If some of the more sceptical investors have by now realised that Questcor Pharmaceuticals’ expensive, ancient, off-patent, orphan disease drug Acthar is likely to end up a busted flush, at least the company itself has not lost faith.
Just take a look at Questcor’s move on Wednesday to buy Canada’s BioVectra, one of two suppliers that had manufactured Acthar for it on a contract basis. BioVectra’s price tag – C$50m ($50.7m) up front plus up to another C$50m over the next three years – reveals a lot about just how much revenue Questcor reckons its controversial drug will generate in the near term.
Analysts are remarkably bullish on Acthar, with consensus seeing a massive $806m in sales by 2018, according to EvaluatePharma. This is despite recent troubles around insurance, which have led to one major US insurer moving to cut coverage and state that Acthar was not “medically necessary” for most uses, prompting a Questcor share price collapse (Questcor’s Acthar fairy tale goes sour, September 20, 2012).
So it might come as something of a shock to learn that Questcor’s view of Acthar is more upbeat even that that.
A complex extraction
Acthar, an established drug decades off patent that Questcor had acquired 11 years ago for just $100,000, is derived from the complex extraction and purification of pigs' pituitary glands. BioVectra is Questcor’s sole supplier of the Acthar API, and the obvious reason for Questcor buying it out is the avoidance of future manufacturing payments.
It is obvious how much Questcor expected to have had to pay BioVectra to make splashing out between $50m and $100m stack up economically. Relating this to the company’s expectations for Acthar sales is harder, but it is possible.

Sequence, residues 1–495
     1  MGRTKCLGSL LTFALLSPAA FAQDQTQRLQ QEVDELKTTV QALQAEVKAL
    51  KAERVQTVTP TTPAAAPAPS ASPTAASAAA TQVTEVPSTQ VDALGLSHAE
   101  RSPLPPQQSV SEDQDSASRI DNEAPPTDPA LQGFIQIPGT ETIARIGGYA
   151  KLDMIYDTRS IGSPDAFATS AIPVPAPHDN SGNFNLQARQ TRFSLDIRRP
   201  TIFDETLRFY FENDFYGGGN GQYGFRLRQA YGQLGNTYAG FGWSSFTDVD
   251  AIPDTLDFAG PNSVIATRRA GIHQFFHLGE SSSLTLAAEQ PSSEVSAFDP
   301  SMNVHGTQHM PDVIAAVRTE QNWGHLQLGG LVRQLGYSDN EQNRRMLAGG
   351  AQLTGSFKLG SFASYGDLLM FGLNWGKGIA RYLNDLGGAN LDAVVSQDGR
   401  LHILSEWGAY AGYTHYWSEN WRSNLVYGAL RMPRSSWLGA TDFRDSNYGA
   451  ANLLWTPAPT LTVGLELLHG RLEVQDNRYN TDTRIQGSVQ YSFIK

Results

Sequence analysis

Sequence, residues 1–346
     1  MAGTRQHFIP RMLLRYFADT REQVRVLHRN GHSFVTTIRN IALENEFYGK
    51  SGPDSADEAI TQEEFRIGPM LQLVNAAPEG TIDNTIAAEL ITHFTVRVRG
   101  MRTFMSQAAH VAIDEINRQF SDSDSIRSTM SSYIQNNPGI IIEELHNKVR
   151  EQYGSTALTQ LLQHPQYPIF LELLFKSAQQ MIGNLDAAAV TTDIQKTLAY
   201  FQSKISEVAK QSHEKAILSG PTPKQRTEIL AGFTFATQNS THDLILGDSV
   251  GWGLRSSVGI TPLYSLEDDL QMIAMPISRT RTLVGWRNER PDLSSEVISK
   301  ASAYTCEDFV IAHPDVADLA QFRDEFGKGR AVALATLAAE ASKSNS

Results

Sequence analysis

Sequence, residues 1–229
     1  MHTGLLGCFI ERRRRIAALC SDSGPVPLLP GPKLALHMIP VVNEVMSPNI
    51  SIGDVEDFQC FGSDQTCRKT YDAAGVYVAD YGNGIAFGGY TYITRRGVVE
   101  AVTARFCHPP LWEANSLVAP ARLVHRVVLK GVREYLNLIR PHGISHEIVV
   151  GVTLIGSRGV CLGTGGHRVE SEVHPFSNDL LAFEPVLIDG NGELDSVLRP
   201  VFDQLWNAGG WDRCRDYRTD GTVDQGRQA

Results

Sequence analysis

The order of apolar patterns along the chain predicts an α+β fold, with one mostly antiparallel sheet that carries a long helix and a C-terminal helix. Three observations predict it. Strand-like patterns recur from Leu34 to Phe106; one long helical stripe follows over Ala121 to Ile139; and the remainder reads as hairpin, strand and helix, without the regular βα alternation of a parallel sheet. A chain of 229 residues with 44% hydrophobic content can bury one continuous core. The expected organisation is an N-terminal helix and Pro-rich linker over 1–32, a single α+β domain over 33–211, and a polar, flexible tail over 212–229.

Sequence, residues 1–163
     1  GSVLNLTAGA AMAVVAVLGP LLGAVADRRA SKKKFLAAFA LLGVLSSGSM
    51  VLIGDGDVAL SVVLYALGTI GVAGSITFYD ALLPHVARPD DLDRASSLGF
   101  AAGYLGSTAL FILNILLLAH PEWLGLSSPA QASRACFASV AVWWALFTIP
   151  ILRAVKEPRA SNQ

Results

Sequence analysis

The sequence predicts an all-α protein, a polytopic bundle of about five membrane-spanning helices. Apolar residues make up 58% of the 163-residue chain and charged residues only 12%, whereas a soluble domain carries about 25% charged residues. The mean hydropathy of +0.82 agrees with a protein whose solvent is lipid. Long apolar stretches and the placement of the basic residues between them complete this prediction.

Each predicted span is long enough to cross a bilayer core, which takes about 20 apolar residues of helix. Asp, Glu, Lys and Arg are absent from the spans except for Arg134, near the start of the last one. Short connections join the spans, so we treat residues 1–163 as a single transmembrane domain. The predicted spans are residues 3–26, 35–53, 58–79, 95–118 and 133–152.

Consider that over the first nine months of 2012 Questcor’s cost of goods amounted to $19m – roughly 5.6% of Acthar sales. In addition to fees to BioVectra, this COGS item includes a combined 4% downstream royalty to Sanofi and Glenridge Pharmaceuticals, as well as undisclosed finished product supply payments to Cangene and a fee to CSL Behring for potency testing.
Knowing that the downstream royalty accounts for four points of the 5.6% cost means that the most Questcor was paying to BioVectra was 1.6% of net Acthar sales; more realistically, to account for other supply fees too, it can be assumed that this figure was closer to 1%.
Now, using a 15% cost of capital, the NPV of a 1% manufacturing payaway on Acthar’s current consensus sales is just $27m. But to justify the $50m BioVectra price tag – let alone the additional $50m – Questcor must have assumed that the value of the fees under the current contract would have amounted to more than $50m; and this suggests that it thinks Acthar will generate sales twice as high as even the bullish consensus that analysts currently carry.
There is of course another side to every purchase, and in this case it is hardly surprising that BioVectra’s owners agreed to sell. Perhaps they feared that their Acthar revenue stream was at risk of drying up – say, for instance, if last year’s problems derailed sales of the drug and hit Questcor, their most important customer.
Granted, from Questcor’s point of view there is more to BioVectra than just the Acthar API: the company also specialises in pegylation and conjugation chemistry and fermentation, for instance. But, as Questcor admits, “our ability to manage ... a business of which we have no previous experience” is a major risk.
It is one thing for sell-side analysts, whose banks rely on follow-on business with clients, to put increasingly bullish estimates into the market, but another entirely for the company itself to buy into this hype. The BioVectra acquisition shows that this is just what Questcor has done.
Protection around Acthar comprises copyright, trademarks, trade secrets and contractual provisions, but not patents. Considering the insurance problems, not to mention a pending US government investigation into Questcor’s promotional practices and the recent revelation that Cerium Pharmaceuticals had received US orphan drug status for a synthetic version of Acthar, Questcor’s expectations look like they have departed from reality.
Cautious investors would be well advised to check how the company’s implied Acthar forecasts tally with their own expectations.